Several laws designed to restrict and penalize legitimate online activities and speech are also still in place. Most alarmingly, the 2012 Telecom Fraud Offences Law extends the violations and penalties defined in the 2009 Anti-Terrorism Proclamation and Criminal Code to electronic communications, which explicitly include both mobile phone and internet services.7 The antiterrorism legislation prescribes prison sentences of up to 20 years for the publication of statements that can be understood as a direct or indirect encouragement of terrorism, which is vaguely defined.8 The law also bans VoIP services such as Skype9 and requires all individuals to register their telecommunications equipment—including smartphones—with the government, which security officials typically enforce at security checkpoints by confiscating ICT equipment if the owner cannot produce a registration permit, according to sources in the country.

Under the former government, Ethiopia passed a new Computer Crime Proclamation in June 2016 that further criminalized an array of online activities.10 Civil society expressed concern that the law would be used to further crack down on critical commentary, political opposition, and social unrest.11 For example, content that “incites fear, violence, chaos or conflict among people” can be punished with up to three years in prison, which could be abused to suppress digital campaigns.12 Other problematic provisions ban the dissemination of defamatory content, which can be penalized with up to 10 years in prison,13 and the distribution of unsolicited messages to multiple emails (spam), which carries up to five years in prison.14

While the restrictive legal environment for media and freedom of expression remained unchanged under the new government, Prime Minister Abiy Ahmed promised democratic reforms during his inaugural speech to parliament in April 2018.15

Prosecutions and Detentions for Online Activities

Following years of arresting antigovernment protesters and handing out long prison sentences to critical bloggers and journalists, the ruling EPRDF party stunned observers in January and February 2018 by releasing thousands of political prisoners, including blogger Eskinder Nega, who had been serving an 18-year sentence since 2012.16 Imprisoned bloggers convicted on terrorism charges—Zelalem Workagegnehu, Yonatan Wolde, and Bahiru Degu, among others—were also eventually released, while outstanding charges against the critical Zone 9 bloggers were dropped.17

Despite the progress, authorities made new arrests under the state of emergency imposed in February 2018. On March 8, 2018, police arrested Seyoum Teshome, a well-known academic and blogger, for criticizing the state of emergency on his blog.18 He was released on April 16 without charges.19 Separately, several bloggers and journalists were rearrested on March 26 while at a social gathering, which were prohibited without prior authorization under the state of emergency.20 Those arrested included recently released Eskinger Nega, though they were all released after twelve days in prison.21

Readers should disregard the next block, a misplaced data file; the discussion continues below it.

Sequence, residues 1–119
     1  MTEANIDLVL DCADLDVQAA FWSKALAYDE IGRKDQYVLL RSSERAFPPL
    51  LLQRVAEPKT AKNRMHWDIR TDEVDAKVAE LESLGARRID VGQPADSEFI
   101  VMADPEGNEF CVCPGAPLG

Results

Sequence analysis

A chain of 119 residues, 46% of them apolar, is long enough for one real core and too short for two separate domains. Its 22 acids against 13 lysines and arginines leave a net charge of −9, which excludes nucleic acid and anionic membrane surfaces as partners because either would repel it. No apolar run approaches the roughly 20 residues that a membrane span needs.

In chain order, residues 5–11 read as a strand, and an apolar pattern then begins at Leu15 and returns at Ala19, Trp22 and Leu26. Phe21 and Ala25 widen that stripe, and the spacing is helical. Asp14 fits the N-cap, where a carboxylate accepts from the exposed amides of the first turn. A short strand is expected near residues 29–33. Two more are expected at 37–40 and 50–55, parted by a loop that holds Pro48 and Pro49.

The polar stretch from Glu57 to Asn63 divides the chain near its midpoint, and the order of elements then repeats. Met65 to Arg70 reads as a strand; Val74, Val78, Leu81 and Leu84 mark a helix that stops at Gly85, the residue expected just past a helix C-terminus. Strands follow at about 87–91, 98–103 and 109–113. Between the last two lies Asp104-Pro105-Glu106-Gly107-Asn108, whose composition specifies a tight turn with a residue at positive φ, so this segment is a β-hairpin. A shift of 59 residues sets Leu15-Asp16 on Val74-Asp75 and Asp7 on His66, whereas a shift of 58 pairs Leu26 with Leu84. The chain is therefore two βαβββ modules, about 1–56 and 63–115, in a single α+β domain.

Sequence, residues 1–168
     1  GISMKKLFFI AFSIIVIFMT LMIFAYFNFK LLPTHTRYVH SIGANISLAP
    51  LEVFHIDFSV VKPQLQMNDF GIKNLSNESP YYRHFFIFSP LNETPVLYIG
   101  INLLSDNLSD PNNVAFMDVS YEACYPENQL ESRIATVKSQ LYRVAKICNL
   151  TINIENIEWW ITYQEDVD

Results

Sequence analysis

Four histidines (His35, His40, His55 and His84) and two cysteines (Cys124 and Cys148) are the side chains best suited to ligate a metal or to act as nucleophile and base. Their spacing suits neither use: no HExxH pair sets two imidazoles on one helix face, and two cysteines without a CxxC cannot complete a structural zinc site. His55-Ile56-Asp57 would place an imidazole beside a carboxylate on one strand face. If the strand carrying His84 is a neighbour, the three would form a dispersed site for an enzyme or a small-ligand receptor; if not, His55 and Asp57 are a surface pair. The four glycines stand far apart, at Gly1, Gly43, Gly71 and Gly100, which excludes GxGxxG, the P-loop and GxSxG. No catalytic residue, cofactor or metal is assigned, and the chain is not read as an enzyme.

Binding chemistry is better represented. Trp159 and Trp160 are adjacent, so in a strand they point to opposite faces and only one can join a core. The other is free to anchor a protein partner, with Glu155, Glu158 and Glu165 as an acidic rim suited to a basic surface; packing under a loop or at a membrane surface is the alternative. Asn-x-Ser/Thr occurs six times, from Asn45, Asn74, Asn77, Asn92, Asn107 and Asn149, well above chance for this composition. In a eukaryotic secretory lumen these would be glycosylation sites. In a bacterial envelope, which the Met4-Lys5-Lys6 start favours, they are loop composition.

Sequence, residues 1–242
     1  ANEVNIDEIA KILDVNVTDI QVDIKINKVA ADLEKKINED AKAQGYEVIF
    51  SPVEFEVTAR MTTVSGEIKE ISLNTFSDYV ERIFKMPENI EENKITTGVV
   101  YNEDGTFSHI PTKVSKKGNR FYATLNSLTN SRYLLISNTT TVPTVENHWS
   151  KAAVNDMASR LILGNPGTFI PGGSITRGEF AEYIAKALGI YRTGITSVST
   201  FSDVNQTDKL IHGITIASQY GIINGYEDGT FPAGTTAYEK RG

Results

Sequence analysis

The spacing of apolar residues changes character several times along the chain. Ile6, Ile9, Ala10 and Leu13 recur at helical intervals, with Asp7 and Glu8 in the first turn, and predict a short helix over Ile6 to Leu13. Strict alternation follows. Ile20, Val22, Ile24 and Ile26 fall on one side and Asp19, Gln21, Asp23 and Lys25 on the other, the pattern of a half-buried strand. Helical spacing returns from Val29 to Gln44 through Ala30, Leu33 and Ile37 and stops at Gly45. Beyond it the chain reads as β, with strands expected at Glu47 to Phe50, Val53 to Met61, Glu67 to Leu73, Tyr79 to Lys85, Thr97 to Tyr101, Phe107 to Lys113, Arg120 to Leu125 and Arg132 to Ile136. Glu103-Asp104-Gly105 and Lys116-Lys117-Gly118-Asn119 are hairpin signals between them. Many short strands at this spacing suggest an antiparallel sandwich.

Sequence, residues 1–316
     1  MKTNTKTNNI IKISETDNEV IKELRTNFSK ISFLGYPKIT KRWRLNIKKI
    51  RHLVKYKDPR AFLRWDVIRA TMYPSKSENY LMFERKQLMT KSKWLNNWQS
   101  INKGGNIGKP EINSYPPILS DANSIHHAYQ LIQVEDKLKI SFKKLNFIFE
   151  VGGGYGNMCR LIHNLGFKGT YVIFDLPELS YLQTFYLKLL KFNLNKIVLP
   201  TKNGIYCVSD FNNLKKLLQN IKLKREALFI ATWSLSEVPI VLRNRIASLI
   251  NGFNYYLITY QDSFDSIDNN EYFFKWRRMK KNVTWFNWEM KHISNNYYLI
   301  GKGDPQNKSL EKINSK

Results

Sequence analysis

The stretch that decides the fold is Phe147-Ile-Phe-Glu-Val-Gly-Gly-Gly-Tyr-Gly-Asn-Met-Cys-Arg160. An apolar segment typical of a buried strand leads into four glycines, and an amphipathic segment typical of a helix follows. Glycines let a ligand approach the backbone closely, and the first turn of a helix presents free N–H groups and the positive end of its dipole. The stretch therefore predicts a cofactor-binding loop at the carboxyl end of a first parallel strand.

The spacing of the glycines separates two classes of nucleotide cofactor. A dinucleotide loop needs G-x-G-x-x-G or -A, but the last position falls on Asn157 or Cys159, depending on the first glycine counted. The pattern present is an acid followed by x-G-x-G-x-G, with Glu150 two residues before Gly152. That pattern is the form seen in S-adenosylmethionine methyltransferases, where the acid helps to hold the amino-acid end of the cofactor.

Surveillance, Privacy, and Anonymity

Government surveillance of online and mobile phone communications has been pervasive in Ethiopia and has not been reformed since the new prime minister came into office in April 2018.

The Computer Crime Proclamation enacted in June 2016 strengthened the government’s surveillance powers, enabling real-time monitoring or interception of communications authorized by the Minister of Justice. The law also obliges service providers to store records of all communications and metadata for at least a year.22

Ethiopia’s telecommunications and surveillance infrastructure has been developed in part by investments from Chinese telecommunications companies with potential ties to the Chinese government, creating strong suspicions that the Ethiopian government has implemented highly intrusive surveillance practices styled after the Chinese system. These suspicions were reinforced in January 2018, when African Union officials accused China of hacking into its headquarters’ servers and secretly transferring data files to servers in Shanghai over the course of five years, from 2012 to 2017.23 The state-owned China State Construction Engineering Corporation had built the AU’s headquarters in Addis Ababa and connected the building’s telecommunication infrastructure through Ethiopia’s state-run EthioTelecom.

A 2015 Human Rights Watch report revealed strong indications that the Ethiopian government had deployed a centralized monitoring system developed by the Chinese telecommunications firm ZTE to monitor mobile phone networks and the internet.24 Known for its use by repressive regimes in Libya and Iran, the monitoring system enables deep packet inspection (DPI) of internet traffic across the EthioTelecom network and has the ability to intercept emails and web chats.